Q & A: Alice Waters, US food activist and founder of Chez Panisse restaurant
19th June, 2009
Alice Waters on dining with the Dalai Lama, edible schoolyards and life in Berkeley, USA
Can you describe a typical day?
First thing in the morning, I take a walk with a friend to clear my head and plan out my day. When I return home, I drink a café au lait, read the newspaper and take phone calls. Then I drive over to Chez Panisse [Berkeley, California] at around 11:30am for tasters with the chefs and cooks, perhaps followed by a lunch meeting in the café. Dinner is usually at my house, with friends and family; we cook together and share a glass of wine or two. I love old films from the 1930s and watch one or two classics every evening.
What book or film would you recommend to all politicians?
To learn more about industrial agriculture and our current food system, Eric Schlosser’s Fast Food Nation and Michael Pollan’s The Omnivore’s Dilemma. Jonathan Kozol’s books on the US public school system, particularly The Shame of the Nation: The restoration of apartheid schooling in America, have had a profound influence on my work.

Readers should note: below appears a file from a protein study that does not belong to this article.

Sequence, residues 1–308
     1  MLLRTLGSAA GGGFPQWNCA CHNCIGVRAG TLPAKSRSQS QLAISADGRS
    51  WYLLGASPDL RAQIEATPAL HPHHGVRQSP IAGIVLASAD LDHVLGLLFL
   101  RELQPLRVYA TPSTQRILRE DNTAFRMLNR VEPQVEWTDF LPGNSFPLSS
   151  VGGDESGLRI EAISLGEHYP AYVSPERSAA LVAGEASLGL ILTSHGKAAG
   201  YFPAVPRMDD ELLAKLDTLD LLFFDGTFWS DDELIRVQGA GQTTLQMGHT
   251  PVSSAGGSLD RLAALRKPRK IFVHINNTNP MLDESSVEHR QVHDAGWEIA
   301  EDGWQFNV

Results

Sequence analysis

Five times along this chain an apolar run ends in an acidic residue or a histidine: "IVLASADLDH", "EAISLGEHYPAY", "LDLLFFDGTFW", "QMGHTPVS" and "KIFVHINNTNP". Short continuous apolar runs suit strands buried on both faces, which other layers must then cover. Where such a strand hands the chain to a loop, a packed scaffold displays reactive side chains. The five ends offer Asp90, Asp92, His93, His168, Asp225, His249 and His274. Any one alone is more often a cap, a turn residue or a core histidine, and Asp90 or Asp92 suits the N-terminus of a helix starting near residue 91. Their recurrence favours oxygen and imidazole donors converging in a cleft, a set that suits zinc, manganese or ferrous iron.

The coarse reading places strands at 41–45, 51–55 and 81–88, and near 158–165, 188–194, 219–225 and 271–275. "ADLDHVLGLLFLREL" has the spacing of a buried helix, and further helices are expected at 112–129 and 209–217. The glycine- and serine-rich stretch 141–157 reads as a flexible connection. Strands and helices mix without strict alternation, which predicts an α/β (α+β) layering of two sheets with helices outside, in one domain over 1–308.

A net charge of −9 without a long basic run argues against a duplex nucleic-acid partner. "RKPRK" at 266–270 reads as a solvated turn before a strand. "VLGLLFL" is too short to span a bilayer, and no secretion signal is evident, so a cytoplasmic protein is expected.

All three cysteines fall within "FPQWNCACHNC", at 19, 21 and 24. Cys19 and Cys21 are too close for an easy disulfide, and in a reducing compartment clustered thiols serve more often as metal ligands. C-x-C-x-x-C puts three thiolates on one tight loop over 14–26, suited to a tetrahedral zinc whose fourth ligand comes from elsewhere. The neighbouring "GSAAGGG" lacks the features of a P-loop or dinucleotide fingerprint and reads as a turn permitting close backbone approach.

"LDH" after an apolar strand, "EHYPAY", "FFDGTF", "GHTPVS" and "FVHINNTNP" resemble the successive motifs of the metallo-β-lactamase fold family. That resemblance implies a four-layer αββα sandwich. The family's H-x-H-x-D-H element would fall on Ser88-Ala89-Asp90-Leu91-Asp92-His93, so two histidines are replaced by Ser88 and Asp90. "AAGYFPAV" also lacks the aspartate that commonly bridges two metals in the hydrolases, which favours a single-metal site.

When are you most happy?
I’m most happy when I’m sitting around the table with loved ones, stoking my fireplace and cooking over the open hearth.
What makes you angry?
It’s upsetting to me when people don’t understand the centrality of food to the rest of our lives, and when they don’t see that the choices we make about what we eat not only impact our own wellbeing, but also the wellbeing of our fellow humans and planet.
Where do you live and why?
I have lived in Berkeley, California, since my twenties because it’s a place where many people share my values. It’s a university town with a great cinema, wonderful used bookstores and incredible farmers’ markets.
What is your favourite meal and made by whom?
A Parsi feast prepared by my dear friend and cookbook author Niloufer Ichaporia King.
What causes do you most actively support and why?
I firmly believe that every American child who attends public [state] school should have the right to a nutritious, organic, seasonal lunch. Beyond that, I believe in a concept I call Edible Education, which has been put into practice at The Edible Schoolyard (ESY), a programme of the Chez Panisse Foundation. It’s a one-acre organic garden and kitchen classroom for urban public school students at the Martin Luther King Jr Middle School in Berkeley. At ESY, students participate in all aspects of growing, harvesting and preparing nutritious, seasonal produce.
What’s the most touching praise you’ve ever received about your restaurant?
Perhaps the biggest honour of my career was when the Dalai Lama shared a meal with me at Chez Panisse.
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